Mechanisms of Ca2+-stimulated fluid secretion by porcine bronchial submucosal gland serous acinar cells

Robert J. Lee, J. Kevin Foskett

Abstract

The serous acini of airway submucosal glands are important for fluid secretion in the lung. Serous cells are also sites of expression of the cystic fibrosis transmembrane conductance regulator (CFTR) Cl channel. However, the mechanisms of serous cell fluid secretion remain poorly defined. In this study, serous acinar cells were isolated from porcine bronchi and studied using optical techniques previously used to examine fluid secretion in rat parotid and murine nasal acinar cells. When stimulated with the cholinergic agonist carbachol, porcine serous cells shrank by ∼20% (observed via DIC microscopy) after a profound elevation of intracellular [Ca2+] ([Ca2+]i; measured by simultaneous fura 2 fluorescence imaging). Upon removal of agonist and relaxation of [Ca2+]i to resting levels, cells swelled back to resting volume. Similar results were observed during stimulation with histamine and ATP, and elevation of [Ca2+]i was found to be necessary and sufficient to activate shrinkage. Cell volume changes were associated with changes in [Cl]i (measured using SPQ fluorescence), suggesting that shrinkage and swelling are caused by loss and gain of intracellular solute content, respectively, likely reflecting changes in the secretory state of the cells. Shrinkage was inhibited by niflumic acid but not by GlyH-101, suggesting Ca2+-activated secretion is mediated by alternative non-CFTR Cl channels, possibly including Ano1 (TMEM16A), expressed on the apical membrane of porcine serous cells. Optimal cell swelling/solute uptake required activity of the Na+K+2Cl cotransporter and Na+/H+ exchanger, both of which are expressed on the basolateral membrane of serous acini and likely contribute to sustaining transepithelial secretion.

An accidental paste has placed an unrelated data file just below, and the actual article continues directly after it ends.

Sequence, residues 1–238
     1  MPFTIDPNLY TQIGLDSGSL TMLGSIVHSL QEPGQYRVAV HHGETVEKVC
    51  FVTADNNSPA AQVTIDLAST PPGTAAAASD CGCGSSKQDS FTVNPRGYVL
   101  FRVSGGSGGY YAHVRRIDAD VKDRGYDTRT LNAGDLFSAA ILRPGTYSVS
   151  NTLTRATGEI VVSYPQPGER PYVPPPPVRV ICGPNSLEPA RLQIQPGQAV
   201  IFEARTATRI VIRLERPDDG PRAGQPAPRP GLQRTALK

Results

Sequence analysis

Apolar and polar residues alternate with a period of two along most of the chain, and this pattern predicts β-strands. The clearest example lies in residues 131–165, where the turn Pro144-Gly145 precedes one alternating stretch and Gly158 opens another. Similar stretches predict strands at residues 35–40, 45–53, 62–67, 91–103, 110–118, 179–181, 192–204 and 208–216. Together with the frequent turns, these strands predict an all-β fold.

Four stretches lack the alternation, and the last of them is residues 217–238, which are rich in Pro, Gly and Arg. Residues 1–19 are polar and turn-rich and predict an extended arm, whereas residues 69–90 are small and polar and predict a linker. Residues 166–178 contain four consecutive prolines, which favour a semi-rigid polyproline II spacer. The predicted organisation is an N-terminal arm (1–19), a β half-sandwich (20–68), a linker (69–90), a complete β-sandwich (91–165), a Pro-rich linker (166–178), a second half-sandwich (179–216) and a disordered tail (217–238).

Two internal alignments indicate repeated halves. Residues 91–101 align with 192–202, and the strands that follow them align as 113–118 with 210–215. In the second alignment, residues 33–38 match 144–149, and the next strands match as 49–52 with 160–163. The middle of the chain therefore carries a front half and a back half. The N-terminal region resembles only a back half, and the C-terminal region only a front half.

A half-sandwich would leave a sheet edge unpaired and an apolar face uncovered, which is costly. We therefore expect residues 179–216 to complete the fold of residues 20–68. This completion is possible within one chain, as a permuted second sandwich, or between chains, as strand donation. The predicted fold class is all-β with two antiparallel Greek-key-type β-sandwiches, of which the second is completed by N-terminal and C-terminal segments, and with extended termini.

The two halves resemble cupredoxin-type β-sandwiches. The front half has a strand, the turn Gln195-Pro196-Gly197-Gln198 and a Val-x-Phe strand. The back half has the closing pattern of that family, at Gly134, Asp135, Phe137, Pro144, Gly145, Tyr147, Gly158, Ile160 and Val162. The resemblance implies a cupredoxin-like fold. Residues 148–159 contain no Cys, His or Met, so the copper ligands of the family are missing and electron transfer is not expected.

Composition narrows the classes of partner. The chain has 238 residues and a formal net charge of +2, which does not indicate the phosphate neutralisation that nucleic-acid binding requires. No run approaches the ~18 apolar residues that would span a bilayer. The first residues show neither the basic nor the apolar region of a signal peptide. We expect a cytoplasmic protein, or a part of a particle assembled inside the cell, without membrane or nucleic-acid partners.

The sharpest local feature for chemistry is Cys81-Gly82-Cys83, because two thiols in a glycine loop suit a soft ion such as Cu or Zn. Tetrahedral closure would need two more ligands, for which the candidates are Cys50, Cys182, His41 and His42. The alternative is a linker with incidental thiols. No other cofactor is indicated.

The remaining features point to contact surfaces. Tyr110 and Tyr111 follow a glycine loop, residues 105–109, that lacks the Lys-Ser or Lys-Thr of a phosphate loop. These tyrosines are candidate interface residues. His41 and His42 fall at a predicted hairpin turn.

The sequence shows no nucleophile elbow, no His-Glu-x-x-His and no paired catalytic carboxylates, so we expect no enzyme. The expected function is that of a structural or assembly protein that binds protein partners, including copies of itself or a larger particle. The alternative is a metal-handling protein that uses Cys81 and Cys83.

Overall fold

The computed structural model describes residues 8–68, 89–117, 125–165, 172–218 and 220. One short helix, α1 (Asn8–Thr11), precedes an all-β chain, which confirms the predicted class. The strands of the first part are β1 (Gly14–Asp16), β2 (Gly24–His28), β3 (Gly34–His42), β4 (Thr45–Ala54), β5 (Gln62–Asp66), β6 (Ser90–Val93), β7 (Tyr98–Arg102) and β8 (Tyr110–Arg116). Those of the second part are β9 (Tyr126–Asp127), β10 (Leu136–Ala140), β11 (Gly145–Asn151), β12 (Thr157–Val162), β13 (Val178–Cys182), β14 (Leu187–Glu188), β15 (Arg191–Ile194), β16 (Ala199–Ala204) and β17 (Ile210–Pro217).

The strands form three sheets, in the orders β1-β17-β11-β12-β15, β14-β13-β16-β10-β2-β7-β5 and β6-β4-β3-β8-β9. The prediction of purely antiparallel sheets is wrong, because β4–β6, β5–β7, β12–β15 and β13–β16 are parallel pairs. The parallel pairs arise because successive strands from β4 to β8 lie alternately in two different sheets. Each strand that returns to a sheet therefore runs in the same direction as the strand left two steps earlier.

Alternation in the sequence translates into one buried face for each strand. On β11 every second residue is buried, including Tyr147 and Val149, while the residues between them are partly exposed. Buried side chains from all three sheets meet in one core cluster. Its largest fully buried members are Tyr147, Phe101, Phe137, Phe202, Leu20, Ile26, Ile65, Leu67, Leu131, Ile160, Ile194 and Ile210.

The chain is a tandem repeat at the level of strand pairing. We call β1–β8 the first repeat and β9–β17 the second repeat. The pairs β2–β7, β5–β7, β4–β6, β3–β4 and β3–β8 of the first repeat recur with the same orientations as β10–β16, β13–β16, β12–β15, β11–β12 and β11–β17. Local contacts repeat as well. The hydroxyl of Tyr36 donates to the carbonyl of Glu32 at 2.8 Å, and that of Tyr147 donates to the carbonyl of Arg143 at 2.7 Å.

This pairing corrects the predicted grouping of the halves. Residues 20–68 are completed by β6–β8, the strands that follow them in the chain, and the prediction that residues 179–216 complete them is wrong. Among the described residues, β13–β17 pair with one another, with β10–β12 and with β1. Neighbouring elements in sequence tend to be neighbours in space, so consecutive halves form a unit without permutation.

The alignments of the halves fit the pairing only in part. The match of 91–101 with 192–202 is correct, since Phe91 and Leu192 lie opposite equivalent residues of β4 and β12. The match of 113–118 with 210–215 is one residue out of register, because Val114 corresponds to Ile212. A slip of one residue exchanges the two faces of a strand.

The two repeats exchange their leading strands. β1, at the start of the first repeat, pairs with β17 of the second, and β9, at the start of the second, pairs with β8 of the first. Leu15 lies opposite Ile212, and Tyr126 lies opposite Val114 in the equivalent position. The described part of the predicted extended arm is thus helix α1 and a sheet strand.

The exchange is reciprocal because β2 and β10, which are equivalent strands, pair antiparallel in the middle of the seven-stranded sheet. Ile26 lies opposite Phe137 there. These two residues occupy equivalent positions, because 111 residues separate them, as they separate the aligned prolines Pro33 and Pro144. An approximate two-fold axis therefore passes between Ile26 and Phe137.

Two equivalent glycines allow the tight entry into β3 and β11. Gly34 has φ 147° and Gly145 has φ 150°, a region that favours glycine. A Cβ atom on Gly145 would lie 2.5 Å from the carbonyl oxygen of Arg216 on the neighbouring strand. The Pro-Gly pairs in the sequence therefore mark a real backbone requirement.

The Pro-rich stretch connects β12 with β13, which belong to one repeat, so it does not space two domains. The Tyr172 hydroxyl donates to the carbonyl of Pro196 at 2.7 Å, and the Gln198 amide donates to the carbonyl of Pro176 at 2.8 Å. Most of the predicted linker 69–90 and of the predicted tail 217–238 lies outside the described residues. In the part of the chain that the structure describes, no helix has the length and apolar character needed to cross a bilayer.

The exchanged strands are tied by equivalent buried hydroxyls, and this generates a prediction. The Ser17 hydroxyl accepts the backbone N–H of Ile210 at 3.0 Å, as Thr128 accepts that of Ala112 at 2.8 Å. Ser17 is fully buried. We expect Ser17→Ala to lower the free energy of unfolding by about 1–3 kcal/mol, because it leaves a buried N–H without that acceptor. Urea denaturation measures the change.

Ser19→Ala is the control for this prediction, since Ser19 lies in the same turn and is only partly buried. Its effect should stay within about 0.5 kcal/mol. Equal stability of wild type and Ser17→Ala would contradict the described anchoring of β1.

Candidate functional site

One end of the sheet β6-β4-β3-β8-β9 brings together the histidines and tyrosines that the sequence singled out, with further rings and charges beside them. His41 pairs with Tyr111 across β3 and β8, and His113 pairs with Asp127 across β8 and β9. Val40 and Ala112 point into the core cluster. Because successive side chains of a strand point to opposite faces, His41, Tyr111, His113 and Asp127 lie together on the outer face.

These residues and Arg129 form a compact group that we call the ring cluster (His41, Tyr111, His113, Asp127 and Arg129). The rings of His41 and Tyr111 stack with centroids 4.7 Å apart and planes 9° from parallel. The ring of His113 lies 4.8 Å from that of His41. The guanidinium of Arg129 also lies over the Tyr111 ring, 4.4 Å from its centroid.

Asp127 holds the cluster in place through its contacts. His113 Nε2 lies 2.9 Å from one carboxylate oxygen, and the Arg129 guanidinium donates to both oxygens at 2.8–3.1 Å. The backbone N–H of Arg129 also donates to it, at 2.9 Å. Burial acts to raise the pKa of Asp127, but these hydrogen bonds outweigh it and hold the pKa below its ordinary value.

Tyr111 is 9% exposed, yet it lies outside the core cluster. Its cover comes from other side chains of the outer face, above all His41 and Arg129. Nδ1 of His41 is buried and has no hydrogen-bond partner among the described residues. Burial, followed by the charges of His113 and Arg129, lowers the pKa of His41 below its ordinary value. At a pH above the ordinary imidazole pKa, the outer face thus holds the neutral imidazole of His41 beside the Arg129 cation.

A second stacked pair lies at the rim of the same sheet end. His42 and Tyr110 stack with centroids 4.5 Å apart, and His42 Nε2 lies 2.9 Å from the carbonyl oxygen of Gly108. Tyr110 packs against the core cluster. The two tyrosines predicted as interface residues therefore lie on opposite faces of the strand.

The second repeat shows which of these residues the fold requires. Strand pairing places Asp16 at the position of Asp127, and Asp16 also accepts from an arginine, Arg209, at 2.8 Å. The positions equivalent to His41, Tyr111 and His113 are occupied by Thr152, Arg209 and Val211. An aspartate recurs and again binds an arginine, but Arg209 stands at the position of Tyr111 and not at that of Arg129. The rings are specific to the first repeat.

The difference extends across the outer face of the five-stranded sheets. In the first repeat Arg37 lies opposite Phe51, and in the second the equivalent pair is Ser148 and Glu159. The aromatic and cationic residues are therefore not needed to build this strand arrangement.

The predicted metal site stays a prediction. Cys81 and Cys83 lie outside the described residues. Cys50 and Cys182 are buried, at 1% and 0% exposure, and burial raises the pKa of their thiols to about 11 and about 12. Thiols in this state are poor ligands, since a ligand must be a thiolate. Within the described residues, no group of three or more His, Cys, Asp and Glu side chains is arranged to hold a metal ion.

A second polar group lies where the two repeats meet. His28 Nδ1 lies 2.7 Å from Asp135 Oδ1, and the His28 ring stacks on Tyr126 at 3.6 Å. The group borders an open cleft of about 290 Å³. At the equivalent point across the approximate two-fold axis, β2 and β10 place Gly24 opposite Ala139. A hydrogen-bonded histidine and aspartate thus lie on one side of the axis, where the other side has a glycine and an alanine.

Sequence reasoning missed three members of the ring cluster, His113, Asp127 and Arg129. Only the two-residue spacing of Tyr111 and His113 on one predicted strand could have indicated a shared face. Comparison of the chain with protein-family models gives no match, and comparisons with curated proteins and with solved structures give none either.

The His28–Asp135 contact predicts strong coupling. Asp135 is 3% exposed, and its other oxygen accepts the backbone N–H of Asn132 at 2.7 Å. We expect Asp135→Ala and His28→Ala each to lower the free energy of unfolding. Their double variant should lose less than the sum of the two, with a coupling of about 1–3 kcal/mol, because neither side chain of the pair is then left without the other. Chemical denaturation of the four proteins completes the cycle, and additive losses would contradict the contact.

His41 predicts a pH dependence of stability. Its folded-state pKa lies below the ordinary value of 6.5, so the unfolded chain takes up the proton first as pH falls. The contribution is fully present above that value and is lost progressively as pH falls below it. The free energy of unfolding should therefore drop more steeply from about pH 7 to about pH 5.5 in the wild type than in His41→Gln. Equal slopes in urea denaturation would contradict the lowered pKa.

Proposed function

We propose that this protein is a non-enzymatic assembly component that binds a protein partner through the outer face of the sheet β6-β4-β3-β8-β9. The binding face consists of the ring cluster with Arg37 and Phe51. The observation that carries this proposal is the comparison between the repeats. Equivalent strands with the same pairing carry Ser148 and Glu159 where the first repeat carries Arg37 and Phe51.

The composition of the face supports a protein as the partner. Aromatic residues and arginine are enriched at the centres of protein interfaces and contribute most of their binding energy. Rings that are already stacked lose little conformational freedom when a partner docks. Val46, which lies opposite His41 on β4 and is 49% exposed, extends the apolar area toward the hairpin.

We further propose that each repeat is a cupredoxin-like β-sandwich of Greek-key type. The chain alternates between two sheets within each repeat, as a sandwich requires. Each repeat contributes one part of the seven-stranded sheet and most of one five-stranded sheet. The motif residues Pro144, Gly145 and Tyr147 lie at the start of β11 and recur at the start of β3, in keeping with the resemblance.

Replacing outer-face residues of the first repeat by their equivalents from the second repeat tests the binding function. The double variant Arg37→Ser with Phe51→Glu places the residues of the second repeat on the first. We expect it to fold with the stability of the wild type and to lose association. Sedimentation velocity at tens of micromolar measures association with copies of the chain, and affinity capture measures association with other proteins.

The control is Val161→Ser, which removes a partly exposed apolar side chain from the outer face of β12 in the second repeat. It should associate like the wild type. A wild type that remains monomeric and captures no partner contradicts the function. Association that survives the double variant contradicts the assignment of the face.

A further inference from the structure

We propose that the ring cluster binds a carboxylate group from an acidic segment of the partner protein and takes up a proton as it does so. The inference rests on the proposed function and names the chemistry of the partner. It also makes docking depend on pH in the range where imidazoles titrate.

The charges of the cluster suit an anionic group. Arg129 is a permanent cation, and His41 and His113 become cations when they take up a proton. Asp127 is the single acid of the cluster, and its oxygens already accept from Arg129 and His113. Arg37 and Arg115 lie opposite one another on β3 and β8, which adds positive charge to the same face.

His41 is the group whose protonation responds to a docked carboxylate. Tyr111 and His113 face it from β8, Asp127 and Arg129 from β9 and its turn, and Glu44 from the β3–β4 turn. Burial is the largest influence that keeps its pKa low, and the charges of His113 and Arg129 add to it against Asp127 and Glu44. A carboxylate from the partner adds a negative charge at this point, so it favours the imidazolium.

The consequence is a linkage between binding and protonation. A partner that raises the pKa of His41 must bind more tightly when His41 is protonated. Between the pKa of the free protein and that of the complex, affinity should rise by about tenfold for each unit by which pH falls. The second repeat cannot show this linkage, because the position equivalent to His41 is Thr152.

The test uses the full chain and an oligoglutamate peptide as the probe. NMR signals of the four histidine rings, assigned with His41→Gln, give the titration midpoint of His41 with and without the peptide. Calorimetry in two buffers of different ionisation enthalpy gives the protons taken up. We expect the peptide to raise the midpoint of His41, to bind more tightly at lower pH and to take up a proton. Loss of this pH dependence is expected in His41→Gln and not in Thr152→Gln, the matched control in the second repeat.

• lung
  • chloride
  • pig
  • airway
  • Ano1
  • CFTR
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